The budget has been designed to support a transformation of council services so that the city council can radically reshape services to achieve higher quality, deliver greater value for money and become more responsive. This includes recognising changes in how residents access services, which have accelerated during the Coronavirus pandemic, and which will enable the council to better understand the changing needs and priorities of communities.

Government this year set out the expectation for local authorities to levy a three per cent council tax precept to directly support adult social care and more than 85 per cent of the potential core funding increase for 2021/22 is dependent on councils increasing council tax by up to 5 per cent.  The council’s 4.99 per cent council tax increase breaks down as three per cent directly for adult social care to respond to the additional social care pressures being faced in the city and 1.99 per cent for supporting vulnerable families and people in Stoke-on-Trent. This would mean the majority of residents** for 2021/22 will only pay an additional 87p a week increase, equal to £45.17 for the year. This council tax remains the 8th lowest compared to 93 metropolitan and unitary councils and on average we have the 5th lowest average council tax per household.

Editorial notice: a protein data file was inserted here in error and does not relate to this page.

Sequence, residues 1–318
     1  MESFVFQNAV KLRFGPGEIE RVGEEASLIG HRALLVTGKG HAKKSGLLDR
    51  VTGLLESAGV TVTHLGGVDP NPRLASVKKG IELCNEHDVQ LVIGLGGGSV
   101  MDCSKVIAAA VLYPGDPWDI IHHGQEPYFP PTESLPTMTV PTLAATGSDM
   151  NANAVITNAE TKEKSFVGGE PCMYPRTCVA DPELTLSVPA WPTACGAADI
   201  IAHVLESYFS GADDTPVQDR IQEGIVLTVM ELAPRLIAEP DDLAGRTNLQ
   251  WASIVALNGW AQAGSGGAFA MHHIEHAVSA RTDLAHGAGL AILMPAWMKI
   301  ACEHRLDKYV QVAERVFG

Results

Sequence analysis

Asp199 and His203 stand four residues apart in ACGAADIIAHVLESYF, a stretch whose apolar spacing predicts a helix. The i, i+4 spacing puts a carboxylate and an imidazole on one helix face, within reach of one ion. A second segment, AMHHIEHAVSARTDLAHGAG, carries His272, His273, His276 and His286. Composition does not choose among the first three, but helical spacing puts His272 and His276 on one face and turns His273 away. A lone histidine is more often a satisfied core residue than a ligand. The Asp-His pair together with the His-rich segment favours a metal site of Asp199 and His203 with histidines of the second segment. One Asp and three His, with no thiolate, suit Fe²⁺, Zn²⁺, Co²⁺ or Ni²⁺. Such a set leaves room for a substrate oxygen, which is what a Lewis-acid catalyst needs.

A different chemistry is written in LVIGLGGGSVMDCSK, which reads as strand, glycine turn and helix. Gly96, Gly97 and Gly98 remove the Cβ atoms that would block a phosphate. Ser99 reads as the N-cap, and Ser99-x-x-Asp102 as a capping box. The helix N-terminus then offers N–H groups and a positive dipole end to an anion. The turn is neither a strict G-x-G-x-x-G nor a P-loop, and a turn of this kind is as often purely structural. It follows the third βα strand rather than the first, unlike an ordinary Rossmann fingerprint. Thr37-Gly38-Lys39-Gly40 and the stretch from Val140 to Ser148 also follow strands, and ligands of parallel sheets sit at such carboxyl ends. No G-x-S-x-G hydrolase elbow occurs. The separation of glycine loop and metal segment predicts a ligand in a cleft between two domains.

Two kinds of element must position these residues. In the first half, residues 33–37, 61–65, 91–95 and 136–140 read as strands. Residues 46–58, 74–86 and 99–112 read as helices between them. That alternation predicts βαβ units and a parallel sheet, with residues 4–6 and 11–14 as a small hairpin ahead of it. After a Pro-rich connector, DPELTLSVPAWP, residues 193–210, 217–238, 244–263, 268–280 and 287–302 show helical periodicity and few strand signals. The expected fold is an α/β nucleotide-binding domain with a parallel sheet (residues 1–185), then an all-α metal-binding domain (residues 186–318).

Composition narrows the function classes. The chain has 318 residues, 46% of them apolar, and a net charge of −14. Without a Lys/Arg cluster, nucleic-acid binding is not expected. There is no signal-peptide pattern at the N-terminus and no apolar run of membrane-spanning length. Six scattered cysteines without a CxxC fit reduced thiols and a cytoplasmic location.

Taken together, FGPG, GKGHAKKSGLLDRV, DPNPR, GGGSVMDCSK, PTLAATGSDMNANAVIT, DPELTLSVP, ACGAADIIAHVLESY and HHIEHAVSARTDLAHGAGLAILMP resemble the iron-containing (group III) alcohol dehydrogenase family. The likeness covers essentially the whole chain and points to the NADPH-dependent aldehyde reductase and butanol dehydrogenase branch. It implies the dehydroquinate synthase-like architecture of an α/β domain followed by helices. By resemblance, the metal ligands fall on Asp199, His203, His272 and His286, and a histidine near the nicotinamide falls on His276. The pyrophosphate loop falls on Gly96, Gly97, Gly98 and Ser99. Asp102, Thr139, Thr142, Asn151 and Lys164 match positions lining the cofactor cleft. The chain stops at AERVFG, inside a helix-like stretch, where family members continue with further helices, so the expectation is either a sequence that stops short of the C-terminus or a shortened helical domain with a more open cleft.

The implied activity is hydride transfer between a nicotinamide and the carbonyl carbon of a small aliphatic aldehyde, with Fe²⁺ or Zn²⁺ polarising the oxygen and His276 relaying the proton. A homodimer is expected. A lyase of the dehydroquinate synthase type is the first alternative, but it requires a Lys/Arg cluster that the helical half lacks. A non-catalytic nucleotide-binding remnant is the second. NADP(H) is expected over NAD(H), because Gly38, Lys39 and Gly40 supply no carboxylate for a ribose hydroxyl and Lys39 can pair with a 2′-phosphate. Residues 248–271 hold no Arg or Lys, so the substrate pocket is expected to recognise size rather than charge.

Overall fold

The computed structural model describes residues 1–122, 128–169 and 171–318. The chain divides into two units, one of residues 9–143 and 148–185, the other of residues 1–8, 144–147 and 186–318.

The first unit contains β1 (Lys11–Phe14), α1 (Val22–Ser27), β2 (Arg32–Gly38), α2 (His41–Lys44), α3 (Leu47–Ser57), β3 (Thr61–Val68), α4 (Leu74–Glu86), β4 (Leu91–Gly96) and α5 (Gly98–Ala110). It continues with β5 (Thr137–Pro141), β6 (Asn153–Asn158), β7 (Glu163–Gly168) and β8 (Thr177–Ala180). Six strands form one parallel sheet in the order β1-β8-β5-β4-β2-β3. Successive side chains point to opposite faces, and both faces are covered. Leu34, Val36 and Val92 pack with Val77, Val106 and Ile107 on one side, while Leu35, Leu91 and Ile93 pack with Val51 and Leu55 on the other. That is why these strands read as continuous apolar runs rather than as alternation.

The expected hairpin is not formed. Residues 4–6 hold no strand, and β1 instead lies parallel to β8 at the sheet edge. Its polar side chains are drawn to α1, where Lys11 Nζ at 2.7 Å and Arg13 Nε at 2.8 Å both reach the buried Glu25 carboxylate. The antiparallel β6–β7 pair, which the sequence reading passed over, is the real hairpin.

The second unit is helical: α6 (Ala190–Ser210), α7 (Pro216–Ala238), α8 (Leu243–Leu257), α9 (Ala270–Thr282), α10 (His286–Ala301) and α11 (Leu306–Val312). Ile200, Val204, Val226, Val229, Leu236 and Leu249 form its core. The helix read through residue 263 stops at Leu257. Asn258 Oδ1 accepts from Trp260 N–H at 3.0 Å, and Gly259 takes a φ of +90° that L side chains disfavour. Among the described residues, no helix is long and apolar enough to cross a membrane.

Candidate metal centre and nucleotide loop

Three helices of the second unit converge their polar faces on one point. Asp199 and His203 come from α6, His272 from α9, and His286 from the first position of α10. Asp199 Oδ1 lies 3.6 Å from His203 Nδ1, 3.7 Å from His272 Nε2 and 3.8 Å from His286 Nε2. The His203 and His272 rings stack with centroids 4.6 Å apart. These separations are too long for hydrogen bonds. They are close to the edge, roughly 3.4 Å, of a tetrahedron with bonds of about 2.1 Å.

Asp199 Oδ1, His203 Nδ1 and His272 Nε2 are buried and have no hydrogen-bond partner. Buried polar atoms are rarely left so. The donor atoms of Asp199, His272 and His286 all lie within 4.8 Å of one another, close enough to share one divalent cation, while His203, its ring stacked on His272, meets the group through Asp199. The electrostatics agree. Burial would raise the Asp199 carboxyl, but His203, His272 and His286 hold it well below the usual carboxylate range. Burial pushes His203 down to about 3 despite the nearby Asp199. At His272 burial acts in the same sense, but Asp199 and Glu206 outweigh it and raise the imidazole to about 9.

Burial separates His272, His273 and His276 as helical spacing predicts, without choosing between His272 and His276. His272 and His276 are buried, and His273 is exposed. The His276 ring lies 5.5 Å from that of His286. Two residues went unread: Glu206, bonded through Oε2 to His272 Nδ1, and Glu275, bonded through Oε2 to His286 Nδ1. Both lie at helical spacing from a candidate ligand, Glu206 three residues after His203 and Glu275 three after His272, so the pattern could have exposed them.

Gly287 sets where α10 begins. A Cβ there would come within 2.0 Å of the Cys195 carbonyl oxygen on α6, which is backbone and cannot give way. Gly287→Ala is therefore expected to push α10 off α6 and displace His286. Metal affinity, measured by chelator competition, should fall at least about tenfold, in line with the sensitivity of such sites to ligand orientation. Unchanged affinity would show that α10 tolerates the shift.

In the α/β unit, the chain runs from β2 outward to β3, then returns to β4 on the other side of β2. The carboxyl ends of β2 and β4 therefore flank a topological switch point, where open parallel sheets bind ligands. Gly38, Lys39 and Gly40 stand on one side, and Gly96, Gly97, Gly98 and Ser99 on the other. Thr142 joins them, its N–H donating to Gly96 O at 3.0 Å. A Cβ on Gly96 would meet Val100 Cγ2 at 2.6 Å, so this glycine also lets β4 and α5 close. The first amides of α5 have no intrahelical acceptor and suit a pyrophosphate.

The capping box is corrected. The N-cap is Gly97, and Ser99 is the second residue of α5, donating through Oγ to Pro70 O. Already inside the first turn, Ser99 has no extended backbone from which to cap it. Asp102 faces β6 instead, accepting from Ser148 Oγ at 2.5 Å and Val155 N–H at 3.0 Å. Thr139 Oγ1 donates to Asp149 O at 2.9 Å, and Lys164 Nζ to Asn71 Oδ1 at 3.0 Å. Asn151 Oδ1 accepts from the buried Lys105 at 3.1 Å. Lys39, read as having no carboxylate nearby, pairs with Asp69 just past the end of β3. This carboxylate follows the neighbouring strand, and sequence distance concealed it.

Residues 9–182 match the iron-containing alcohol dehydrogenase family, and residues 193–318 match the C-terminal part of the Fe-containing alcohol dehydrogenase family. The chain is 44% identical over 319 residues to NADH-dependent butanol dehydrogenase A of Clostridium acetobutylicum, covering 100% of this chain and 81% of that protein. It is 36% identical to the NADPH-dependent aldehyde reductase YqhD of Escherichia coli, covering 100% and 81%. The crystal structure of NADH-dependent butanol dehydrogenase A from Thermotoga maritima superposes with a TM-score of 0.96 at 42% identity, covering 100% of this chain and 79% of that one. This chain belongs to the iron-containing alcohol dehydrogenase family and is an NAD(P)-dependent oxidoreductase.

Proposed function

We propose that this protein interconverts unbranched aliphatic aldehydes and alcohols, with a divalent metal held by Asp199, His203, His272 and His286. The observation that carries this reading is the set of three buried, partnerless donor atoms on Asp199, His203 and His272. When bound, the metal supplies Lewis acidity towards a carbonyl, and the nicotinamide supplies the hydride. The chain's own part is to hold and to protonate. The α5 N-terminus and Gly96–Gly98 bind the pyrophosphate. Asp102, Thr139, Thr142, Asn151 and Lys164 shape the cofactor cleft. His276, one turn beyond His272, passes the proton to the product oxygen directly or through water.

Stoke-on-Trent City Council leader Abi Brown said: “Due to the uncertain and changing environment in which all local authorities are now operating it is critically important that we continue to focus on stabilising our financial position, ensuring that we can secure value for money for residents. This consultation therefore sets out key areas of transformation that will be pursued over the next few years both to improve service delivery and generate the efficiencies needed to secure a strong and sustainable financial position.

“We take managing the council’s finances extremely seriously, recognising that 62 per cent of our budget is now spent on adults and children’s social care. Costs have gone up and demand continues to increase. We have also seen an increase in costs due to coronavirus, whilst our income from services such as gyms and parking has fallen.